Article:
≥ 0.

.64x13 + .64x23 + .64x33 + .64x53 + .64x63 − .36s13 − .36s23 − .36s33 −.36s53 − .36s63 − .36e13 − .36e23 − .36e33 − .36e53 − .36e63

≤ 0

.7x13 + .7x23 + .7x33 + .7x53 + .7x63 − .3s13 − .3s23 − .3s33 −.3s53 − .3s63 − .3e13 − .3e23 − .3e33 − .3e53 − .3e63

≥ 0.

.64s11 + .64s31 + .64s41 + .64s51 + .64s61 − .36x11 − .36x31 −.36x41 − .36x51 − .36x61 − .36e11 − .36e31 − .36e41 − .36e51 − .36e61 48 .7s11 + .7s31 + .7s41 + .7s51 + .7s61 − .3x11 − .3x31

≤ 0

−.3x41 − .3x51 − .3x61 − .3e11 − .3e31 − .3e41 − .3e51 − .3e61

≥ 0.

.64s12 + .64s22 + .64s32 + .64s42 + .64s62 − .36x12 − .36x22 − .36x32 −.36x42 − .36x62 − .36e12 − .36e22 − .36e32 − .36e42 − .36e62

≤ 0

.7s12 + .7s22 + .7s32 + .7s42 + .7s62 − .3x12 − .3x22 − .3x32 −.3x42 − .3x62 − .3e12 − .3e22 − .3e32 − .3e42 − .3e62

≥ 0.

.64s13 + .64s23 + .64s33 + .64s53 + .64s63 − .36x13 − .36x23 − .36x33 −.36x53 − .36x63 − .36e13 − .36e23 − .36e33 − .36e53 − .36e63

≤ 0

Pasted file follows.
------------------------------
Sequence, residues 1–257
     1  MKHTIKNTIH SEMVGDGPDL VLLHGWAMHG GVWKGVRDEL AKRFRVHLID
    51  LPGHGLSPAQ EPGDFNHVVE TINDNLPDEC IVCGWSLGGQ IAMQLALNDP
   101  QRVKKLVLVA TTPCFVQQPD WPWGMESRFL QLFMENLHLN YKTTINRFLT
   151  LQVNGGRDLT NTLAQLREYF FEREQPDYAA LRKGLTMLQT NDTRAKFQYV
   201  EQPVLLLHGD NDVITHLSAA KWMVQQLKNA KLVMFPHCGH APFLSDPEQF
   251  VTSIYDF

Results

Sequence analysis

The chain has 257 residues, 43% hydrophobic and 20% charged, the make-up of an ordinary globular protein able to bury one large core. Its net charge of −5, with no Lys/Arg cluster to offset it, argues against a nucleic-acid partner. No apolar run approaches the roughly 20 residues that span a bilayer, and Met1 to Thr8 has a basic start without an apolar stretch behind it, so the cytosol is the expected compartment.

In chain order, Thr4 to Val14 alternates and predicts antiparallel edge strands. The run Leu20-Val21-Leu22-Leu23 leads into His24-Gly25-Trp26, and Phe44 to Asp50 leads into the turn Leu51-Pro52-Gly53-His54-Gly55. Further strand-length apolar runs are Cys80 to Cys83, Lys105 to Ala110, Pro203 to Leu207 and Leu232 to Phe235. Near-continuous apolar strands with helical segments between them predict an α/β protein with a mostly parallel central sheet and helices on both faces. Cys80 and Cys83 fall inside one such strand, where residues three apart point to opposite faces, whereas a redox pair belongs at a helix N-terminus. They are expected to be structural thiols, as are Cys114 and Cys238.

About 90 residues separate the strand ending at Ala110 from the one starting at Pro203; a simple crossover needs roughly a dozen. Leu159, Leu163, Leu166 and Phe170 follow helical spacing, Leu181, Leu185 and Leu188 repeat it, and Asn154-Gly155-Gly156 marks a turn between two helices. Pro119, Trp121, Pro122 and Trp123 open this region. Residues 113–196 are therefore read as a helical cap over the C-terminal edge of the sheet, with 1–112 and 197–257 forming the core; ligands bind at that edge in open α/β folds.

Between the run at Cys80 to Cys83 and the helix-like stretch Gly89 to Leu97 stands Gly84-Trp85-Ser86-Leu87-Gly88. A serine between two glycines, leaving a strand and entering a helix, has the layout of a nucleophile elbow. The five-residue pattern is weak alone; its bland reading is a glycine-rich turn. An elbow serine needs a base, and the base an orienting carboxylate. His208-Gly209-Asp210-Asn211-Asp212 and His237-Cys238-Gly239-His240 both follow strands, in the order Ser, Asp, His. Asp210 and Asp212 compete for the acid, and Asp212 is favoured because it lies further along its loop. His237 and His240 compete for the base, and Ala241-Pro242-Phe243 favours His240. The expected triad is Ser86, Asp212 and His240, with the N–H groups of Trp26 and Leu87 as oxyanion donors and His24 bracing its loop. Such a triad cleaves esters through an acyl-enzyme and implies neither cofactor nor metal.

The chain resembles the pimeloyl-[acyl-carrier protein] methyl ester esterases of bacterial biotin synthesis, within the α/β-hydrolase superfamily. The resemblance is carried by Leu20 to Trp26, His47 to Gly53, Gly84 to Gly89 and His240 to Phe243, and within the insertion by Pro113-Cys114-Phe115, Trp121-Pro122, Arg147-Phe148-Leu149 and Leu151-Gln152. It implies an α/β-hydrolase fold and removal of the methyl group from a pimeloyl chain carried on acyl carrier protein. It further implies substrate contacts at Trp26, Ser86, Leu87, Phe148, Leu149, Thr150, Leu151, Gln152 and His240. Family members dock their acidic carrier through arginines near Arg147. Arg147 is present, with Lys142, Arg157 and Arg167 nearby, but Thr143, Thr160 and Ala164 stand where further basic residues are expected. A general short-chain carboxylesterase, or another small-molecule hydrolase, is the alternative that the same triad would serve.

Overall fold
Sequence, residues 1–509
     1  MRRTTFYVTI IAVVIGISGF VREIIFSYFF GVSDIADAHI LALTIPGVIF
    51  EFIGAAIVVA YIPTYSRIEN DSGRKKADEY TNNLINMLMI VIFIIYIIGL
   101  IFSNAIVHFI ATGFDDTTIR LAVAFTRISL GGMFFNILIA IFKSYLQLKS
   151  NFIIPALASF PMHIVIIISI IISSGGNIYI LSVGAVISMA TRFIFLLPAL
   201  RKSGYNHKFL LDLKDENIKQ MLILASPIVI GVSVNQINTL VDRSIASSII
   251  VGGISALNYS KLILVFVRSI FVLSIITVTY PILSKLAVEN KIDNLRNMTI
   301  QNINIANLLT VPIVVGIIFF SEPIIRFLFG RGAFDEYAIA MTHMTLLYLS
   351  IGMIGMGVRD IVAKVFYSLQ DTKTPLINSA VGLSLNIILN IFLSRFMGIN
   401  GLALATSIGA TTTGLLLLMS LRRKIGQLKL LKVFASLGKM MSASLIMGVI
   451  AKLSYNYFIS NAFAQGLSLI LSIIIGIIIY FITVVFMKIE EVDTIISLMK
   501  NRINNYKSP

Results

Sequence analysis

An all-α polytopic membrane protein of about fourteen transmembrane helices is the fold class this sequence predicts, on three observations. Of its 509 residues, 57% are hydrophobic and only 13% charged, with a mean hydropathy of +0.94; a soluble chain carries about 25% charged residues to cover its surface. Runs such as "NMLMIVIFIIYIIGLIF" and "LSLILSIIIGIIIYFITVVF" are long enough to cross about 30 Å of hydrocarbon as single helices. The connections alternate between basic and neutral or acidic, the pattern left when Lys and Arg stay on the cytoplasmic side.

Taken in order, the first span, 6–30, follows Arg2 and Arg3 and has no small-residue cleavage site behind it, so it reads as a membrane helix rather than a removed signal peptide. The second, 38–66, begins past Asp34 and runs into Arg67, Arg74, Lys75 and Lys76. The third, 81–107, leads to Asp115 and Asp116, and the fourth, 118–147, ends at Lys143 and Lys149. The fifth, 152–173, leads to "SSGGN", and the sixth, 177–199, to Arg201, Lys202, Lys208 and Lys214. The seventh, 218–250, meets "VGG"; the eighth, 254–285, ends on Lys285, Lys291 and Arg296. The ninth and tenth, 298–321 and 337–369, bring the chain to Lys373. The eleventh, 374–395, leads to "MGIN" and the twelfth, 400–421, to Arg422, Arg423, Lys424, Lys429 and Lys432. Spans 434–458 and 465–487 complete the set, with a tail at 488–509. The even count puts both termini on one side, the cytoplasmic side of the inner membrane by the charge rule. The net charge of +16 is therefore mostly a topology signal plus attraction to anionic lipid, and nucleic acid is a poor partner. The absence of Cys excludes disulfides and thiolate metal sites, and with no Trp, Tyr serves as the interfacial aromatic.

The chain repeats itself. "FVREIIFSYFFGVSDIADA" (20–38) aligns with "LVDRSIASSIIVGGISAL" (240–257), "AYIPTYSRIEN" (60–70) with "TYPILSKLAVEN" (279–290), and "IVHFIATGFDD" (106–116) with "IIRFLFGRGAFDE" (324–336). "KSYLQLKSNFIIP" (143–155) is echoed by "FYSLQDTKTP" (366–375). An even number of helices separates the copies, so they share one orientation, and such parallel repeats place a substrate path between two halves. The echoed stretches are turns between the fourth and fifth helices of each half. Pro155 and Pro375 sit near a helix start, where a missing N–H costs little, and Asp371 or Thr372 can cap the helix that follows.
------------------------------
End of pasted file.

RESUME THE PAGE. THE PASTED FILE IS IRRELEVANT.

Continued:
.7s13 + .7s23 + .7s33 + .7s53 + .7s63 − .3x13 − .3x23 − .3x33 −.3x53 − .3x63 − .3e13 − .3e23 − .3e33 − .3e53 − .3e63

≥ 0.

.64e11 + .64e31 + .64e41 + .64e51 + .64e61 − .36x11 − .36x31 −.36x41 − .36x51 − .36x61 − .36s11 − .36s31 − .36s41 − .36s51 − .36s61

≤ 0

.7e11 + .7e31 + .7e41 + .7e51 + .7e61 − .3x11 − .3x31 −.3x41 − .3x51 − .3x61 − .3s11 − .3s31 − .3s41 − .3s51 − .3s61

≥ 0.

.64e12 + .64e22 + .64e32 + .64e42 + .64e62 − .36x12 − .36x22 − .36x32 −.36x42 − .36x62 − .36s12 − .36s22 − .36s32 − .36s42 − .36s62

≤ 0

.7e12 + .7e22 + .7e32 + .7e42 + .7e62 − .3x12 − .3x22 − .3x32 −.3x42 − .3x62 − .3s12 − .3s22 − .3s32 − .3s42 − .3s62

≥ 0.

.64e13 + .64e23 + .64e33 + .64e53 + .64e63 − .36x13 − .36x23 − .36x33 −.36x53 − .36x63 − .36s13 − .36s23 − .36s33 − .36s53 − .36s63

≤ 0

.7e13 + .7e23 + .7e33 + .7e53 + .7e63 − .3x13 − .3x23 − .3x33 −.3x53 − .3x63 − .3s13 − .3s23 − .3s33 − .3s53 − .3s63

≥ 0.

After solving this program on Lindo software, we obtain the objective function value of $555555.60.

11.4 11.4.1

Road Construction and Portables Construction